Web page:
Here are a few examples to consider —

The Bostonians, Henry James (1886)

This satire of the women’s rights movement in Boston plays with culture between North and South (within the US) and America and Europe. Privileged feminist Olive Chancellor “hated Europe, but she could be European if it were necessary” (p. 86 Modern Library edition) and can do this in one way with her attire.

Fashion in this novel is used more broadly as a word for ‘rich’ — people are labeled as ‘fashionable’ or not, depending on what part of the city they live in, without necessarily description of their clothing. It is also connected, then, to the prospects of being a more modern woman (in not quite Modern time), even used in this way: “the changing fashions of reform.” Here’s another passage in regards to the next generation:

It was one of the prime articles of her faith that the world of fashion was wicked and hollow, and, moreover, Verena told her that Miss Chancellor loathed and despised it. She could not have informed you wherein it would profit her daughter (for the way those ladies shrank from any new gospel was notorious); nevertheless she was vexed that Verena shouldn't come back to her with a little more of the fragrance of Beacon Street. (p. 103)

However, fashion is also directly connected to the feminist movement, which of course it has been closely intertwined over the last century:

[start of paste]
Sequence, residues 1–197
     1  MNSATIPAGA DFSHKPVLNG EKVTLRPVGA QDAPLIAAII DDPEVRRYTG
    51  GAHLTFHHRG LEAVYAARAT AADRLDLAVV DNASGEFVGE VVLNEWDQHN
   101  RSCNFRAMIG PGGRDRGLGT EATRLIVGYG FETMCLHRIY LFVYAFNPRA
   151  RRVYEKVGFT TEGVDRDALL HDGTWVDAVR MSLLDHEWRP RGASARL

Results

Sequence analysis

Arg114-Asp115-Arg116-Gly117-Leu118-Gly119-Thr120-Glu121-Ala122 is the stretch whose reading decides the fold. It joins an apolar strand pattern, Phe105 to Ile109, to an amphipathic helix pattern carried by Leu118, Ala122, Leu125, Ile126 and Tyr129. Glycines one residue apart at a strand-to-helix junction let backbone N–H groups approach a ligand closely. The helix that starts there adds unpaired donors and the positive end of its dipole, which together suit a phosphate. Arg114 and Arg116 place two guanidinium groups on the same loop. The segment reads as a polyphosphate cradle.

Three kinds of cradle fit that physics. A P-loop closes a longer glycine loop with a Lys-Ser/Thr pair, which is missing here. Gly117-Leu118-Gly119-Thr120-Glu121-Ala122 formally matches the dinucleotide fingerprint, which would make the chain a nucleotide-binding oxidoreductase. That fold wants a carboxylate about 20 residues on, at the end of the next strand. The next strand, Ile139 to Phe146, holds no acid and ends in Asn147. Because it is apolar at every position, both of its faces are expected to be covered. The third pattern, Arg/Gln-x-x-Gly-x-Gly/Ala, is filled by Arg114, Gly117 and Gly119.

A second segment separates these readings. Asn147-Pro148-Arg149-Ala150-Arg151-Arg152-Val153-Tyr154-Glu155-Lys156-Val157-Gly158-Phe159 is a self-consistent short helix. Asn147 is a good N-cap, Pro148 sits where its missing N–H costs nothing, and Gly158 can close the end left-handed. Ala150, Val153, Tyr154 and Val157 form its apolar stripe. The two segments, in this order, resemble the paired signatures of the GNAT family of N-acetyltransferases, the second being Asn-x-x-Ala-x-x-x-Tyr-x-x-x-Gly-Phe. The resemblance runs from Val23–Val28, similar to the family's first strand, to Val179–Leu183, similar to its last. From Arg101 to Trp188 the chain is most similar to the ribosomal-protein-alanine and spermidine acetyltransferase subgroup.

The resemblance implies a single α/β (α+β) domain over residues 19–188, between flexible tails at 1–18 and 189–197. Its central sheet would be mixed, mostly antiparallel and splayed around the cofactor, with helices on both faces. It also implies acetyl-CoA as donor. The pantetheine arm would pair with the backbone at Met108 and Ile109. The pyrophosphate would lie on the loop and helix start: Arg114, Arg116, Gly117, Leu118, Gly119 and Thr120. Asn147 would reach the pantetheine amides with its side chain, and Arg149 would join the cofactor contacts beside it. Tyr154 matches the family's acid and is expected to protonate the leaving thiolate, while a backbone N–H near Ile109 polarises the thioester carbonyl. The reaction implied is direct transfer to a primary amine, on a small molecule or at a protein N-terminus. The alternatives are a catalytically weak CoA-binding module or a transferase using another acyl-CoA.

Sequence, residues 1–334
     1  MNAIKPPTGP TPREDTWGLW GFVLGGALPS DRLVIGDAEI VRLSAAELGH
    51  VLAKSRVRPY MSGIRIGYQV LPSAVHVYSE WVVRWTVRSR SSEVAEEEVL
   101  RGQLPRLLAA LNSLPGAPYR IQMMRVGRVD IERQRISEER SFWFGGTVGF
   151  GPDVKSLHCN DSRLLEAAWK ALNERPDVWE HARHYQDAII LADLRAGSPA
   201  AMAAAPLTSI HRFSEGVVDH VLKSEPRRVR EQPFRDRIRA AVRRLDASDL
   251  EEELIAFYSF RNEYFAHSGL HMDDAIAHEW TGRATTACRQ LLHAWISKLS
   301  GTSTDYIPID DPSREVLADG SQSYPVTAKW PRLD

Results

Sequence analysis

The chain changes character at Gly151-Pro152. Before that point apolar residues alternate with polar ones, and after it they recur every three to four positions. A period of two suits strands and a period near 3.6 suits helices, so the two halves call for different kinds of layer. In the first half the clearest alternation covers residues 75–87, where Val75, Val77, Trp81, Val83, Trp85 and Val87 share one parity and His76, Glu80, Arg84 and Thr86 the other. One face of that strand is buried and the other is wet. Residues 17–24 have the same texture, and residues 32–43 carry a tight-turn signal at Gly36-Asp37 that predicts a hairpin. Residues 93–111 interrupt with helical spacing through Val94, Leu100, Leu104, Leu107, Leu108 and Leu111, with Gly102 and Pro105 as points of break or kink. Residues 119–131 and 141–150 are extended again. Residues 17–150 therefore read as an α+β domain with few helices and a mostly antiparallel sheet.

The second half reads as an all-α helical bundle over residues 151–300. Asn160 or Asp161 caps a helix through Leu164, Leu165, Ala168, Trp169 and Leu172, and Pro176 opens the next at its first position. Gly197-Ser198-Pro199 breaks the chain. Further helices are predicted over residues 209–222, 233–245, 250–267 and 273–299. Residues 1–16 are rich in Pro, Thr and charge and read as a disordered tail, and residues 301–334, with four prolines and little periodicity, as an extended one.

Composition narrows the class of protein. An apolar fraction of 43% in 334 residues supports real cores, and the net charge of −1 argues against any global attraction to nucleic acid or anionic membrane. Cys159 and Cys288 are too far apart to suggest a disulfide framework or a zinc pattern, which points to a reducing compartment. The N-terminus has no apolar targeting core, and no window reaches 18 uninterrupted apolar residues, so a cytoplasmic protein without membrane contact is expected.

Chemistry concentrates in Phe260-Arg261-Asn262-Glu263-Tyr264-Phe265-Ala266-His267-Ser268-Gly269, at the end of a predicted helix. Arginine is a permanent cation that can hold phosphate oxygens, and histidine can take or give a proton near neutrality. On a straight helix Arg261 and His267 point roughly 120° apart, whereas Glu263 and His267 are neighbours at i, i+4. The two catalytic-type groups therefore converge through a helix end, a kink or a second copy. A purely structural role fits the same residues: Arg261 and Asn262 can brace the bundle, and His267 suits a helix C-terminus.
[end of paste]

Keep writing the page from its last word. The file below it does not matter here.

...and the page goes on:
She always dressed in the same way: she wore a loose black jacket, with deep pockets, which were stuffed with papers, memoranda of a voluminous correspondence; and from beneath her jacket depended a short stuff dress. The brevity of this simple garment was the one device by which Miss Birdseye managed to suggest that she was a woman of business, that she wished to be free for action. She belonged to the Short-Skirts League, as a matter of course; for she belonged to any and every league that had been founded for almost any purpose whatever. (p. 25)

All of Henry James’ novels make use of the idea of fashion without necessarily describing the clothing in much detail. It is almost as if he is allowing chronotopic details to be ambiguous with the notion that we might continue to consider these tales through various time periods.

James, of course, also writes of American characters going to Europe in The Portrait of a Lady and Daisy Miller. Mrs. Costello, for example, disapproves of Americans and is baffled by Daisy’s ability to dress elegantly:

“She has that charming look that they all have,” his aunt resumed. “I can’t think where they pick it up; and she dresses in perfection—no, you don’t know how well she dresses. I can’t think where they get their taste.”

The Age of Innocence, Edith Wharton (1920)

Much has been made of the references to fashion by Edith Wharton especially in her New York stories, which include The Age of Innocence. In Edith Wharton and the Making of Fashion (Becoming Modern/Reading Dress), Katherine Joslin discusses “Wharton's knowledge of and involvement in the craft of garment making in her tales…and [discusses the way Wharton] promote[s] the value of handmade garments in a world given to machine-driven uniformity of design and labor.” This particular novels’ film adaptation by Martin Scorsese also won an Academy Award for its costume design.

Let’s simply look at a few passages to start to understand what Wharton is doing here:

Chapter 1 - class